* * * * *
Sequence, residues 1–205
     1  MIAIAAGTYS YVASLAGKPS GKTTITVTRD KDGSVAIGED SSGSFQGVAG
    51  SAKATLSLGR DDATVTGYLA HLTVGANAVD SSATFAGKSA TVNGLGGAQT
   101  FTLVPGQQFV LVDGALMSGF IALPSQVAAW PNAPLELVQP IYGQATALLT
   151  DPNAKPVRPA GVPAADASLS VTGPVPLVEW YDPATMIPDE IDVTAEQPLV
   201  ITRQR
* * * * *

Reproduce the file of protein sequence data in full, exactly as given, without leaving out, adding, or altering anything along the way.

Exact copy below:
Sequence, residues 1–205
     1  MIAIAAGTYS YVASLAGKPS GKTTITVTRD KDGSVAIGED SSGSFQGVAG
    51  SAKATLSLGR DDATVTGYLA HLTVGANAVD SSATFAGKSA TVNGLGGAQT
   101  FTLVPGQQFV LVDGALMSGF IALPSQVAAW PNAPLELVQP IYGQATALLT
   151  DPNAKPVRPA GVPAADASLS VTGPVPLVEW YDPATMIPDE IDVTAEQPLV
   201  ITRQR